Shooting case ends in mistrial
A Douglas County jury deliberated for almost eight hours Wednesday but was unable to reach a verdict in the case of a man charged in the October shooting in Baldwin.
The eight-man, four-woman jury's inability to reach a unanimous decision caused District Judge Jack Murphy to declare a mistrial in the case involving former Baldwin resident Stephen Meeker.
Meeker, 35, was charged with aggravated battery, aggravated assault and attempted aggravated battery after allegedly shooting and wounding Steven Swafford, 31, Lawrence, on Oct. 14 in west Baldwin.
According to court testimony, Meeker shot Swafford three times with bullets fired from a 9 mm Ruger pistol after an argument between children escalated into a neighborhood dispute.
Testimony revealed Kerry Chalmers, Swafford's girlfriend, who was upset about comments that had been made to her children, confronted her next-door neighbor, Erin Meeker, Stephen Meeker's wife, and threatened to "kick her ass."
Erin Meeker testified Chalmers actually entered her house and threatened to kill her.
Stephen Meeker, who had just gotten out of the shower, said he heard the threats, didn't take the time to dress but grabbed his pistol, and confronted Chalmers, backing her out of the house.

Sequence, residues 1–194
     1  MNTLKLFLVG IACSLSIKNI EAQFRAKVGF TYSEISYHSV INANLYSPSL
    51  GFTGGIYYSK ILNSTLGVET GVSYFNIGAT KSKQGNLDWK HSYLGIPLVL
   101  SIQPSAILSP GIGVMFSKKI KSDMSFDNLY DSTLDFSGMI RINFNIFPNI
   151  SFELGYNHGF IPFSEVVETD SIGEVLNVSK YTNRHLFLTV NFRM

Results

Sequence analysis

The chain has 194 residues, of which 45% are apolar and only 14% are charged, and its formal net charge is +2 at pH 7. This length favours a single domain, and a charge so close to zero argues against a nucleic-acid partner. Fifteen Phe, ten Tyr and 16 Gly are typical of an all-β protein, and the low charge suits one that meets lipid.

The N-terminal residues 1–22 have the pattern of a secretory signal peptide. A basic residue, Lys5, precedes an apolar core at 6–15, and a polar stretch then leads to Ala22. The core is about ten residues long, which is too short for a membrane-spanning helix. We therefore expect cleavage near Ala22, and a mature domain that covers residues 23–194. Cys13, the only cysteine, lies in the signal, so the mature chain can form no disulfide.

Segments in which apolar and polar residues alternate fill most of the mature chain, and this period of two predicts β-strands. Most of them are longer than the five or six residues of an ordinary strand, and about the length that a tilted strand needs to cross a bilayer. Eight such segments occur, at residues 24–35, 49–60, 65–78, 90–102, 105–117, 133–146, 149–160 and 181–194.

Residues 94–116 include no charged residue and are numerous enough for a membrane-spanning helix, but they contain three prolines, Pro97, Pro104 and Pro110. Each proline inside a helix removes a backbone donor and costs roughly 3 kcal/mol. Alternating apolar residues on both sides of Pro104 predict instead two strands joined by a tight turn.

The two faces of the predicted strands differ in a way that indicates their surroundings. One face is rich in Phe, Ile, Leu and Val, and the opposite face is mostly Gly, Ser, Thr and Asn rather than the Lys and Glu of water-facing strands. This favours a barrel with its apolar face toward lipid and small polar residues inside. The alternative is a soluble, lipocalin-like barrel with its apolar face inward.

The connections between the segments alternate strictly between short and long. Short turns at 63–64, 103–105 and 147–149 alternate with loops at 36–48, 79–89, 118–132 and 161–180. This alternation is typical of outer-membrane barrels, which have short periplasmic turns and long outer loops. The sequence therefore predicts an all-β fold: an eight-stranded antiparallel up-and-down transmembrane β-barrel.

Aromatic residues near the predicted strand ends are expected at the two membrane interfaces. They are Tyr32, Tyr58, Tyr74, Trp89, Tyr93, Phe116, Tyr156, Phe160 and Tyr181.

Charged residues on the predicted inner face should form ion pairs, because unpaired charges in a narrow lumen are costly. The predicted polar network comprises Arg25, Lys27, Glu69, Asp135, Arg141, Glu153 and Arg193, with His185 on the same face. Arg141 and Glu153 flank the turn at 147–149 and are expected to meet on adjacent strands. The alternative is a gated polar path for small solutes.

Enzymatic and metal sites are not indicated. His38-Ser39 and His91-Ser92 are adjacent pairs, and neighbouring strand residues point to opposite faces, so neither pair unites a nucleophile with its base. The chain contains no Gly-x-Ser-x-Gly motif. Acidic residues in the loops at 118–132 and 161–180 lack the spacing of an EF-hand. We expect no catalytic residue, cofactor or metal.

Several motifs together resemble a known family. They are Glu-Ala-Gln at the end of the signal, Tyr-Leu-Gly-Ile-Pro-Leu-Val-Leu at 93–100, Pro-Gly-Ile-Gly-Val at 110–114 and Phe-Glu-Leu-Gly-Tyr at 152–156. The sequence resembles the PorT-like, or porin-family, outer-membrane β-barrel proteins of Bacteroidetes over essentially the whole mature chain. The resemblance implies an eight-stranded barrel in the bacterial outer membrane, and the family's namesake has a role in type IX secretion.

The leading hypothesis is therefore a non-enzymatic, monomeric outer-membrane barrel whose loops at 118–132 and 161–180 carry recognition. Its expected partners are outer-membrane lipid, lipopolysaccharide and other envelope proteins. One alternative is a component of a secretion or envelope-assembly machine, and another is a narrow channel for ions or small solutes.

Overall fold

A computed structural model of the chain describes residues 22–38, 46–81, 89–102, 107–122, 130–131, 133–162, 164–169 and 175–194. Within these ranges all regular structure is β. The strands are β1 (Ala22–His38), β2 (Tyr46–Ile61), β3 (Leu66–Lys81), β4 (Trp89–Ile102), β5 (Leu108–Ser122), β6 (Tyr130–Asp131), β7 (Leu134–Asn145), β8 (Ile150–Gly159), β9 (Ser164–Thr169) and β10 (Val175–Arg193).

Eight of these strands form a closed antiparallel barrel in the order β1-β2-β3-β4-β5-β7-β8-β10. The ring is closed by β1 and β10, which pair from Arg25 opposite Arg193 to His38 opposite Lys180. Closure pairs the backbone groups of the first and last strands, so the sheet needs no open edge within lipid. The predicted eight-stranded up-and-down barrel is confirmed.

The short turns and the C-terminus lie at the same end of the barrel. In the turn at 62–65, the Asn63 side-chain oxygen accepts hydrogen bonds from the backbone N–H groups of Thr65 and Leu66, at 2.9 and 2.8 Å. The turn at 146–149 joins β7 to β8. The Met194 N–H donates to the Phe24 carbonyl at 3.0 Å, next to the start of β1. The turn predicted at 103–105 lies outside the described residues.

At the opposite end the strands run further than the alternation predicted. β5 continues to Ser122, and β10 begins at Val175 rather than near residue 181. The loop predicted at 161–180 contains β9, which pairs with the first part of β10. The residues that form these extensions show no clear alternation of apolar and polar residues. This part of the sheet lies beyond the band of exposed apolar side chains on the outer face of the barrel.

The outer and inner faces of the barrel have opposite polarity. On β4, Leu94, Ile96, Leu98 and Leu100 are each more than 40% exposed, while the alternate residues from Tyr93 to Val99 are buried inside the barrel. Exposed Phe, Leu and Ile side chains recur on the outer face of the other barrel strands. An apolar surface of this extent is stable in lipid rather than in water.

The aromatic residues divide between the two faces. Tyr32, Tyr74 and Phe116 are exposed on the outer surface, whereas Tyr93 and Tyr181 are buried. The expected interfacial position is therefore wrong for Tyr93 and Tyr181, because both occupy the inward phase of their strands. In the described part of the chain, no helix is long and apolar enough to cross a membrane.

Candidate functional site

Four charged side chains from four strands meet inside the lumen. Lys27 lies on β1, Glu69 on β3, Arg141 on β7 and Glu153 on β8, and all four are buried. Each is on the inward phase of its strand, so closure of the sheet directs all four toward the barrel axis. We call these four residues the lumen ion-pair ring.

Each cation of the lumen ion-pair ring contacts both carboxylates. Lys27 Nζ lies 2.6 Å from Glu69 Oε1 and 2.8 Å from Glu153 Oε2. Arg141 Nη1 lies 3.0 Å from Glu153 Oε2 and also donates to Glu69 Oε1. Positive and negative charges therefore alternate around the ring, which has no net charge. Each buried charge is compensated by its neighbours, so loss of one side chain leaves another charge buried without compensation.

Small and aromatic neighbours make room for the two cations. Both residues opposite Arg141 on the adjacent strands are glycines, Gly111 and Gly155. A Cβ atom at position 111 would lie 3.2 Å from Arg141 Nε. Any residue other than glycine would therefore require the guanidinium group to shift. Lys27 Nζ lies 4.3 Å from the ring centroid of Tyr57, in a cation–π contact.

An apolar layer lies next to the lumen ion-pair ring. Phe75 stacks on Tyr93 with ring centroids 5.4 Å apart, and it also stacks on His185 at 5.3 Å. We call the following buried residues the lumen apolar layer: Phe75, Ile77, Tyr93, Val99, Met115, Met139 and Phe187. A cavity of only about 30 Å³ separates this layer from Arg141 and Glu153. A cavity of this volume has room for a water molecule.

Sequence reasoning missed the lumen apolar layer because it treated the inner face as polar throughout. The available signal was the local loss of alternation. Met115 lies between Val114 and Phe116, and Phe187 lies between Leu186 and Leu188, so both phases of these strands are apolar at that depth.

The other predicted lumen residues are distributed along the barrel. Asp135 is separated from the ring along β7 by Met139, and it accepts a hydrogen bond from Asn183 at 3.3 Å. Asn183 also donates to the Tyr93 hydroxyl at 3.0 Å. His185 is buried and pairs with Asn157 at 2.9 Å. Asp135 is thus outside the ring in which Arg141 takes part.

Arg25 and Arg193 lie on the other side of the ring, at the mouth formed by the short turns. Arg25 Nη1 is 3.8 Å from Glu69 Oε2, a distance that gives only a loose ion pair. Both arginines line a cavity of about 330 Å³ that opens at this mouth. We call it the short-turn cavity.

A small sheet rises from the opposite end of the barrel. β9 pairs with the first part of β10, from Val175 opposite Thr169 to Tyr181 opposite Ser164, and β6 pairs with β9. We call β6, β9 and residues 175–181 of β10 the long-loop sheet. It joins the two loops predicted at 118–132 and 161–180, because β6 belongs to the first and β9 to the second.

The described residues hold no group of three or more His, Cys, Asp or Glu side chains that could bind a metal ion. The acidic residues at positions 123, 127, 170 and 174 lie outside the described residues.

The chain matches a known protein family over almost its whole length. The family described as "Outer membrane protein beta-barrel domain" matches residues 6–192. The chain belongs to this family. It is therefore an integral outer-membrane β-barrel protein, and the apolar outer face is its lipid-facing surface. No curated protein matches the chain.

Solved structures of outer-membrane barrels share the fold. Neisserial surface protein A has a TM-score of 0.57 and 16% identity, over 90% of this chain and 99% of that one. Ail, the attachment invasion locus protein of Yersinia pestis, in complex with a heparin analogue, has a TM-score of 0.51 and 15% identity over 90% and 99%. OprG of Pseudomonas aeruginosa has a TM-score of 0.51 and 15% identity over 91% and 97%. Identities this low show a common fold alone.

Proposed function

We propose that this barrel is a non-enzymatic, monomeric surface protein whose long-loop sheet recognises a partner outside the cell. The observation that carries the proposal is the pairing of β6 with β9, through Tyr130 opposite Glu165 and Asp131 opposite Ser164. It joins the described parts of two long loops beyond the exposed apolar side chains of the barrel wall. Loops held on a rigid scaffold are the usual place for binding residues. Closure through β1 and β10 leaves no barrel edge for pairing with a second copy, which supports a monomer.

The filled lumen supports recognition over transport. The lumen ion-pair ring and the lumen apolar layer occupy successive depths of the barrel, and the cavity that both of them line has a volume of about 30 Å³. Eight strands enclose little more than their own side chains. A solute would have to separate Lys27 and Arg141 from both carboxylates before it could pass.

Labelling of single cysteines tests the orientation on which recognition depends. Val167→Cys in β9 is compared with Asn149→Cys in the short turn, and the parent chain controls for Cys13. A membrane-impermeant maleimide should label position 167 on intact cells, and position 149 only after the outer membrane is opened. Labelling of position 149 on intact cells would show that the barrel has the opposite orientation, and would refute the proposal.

When he reached the doorway of his house, Stephen Meeker said he turned and fired at Swafford and Swafford's friend, Christopher O'Neill, in self-defense because they were charging at him.
Swafford and O'Neill said they were only trying to distract him so he wouldn't shoot Chalmers.
Court testimony lasted five days and the jury heard from a number of witnesses including law enforcement agents, neighbors and even Meeker's attorney, Jim Rumsey.
Wednesday morning, Douglas County Sheriff's Lt. Ken Massey was recalled to testify about statements he made the previous day. Massey testified he told Rumsey before the preliminary hearing in December that one of the defense witnesses approached him and said he hadn't witnessed anything on the night of the shooting.
After talking to Massey, the witness, Steve Hatcher, a neighbor and friend of the Meekers, then gave a statement to a sheriff's deputy that he had heard Chalmers yelling threats and had seen her in the Meekers' house. Hatcher testified in court that he had seen what he reported to the deputy and said Massey never asked him if he had seen anything.
Rumsey took the stand Wednesday morning, and under questioning from another attorney, Charles Branson, he said Massey had never told him about the conversation with Hatcher.
In closing arguments Wednesday, Douglas County Assistant District Attorney Dan Dunbar told the jury that Meeker was not justified in shooting Swafford. Dunbar said a "reasonable" person would not have used a gun in that situation.
Rumsey argued Meeker didn't have any choice because he was dealing with "bullies." Rumsey said Meeker was only defending himself and his family.
"Man fires gun to protect family and home from aggressors that's what this case is about," he said.
The jury began deliberations at noon and returned shortly before 8 p.m. with no verdict.
Meeker will appear in court at 1:30 p.m. April 15 to find out whether a second trial will take place.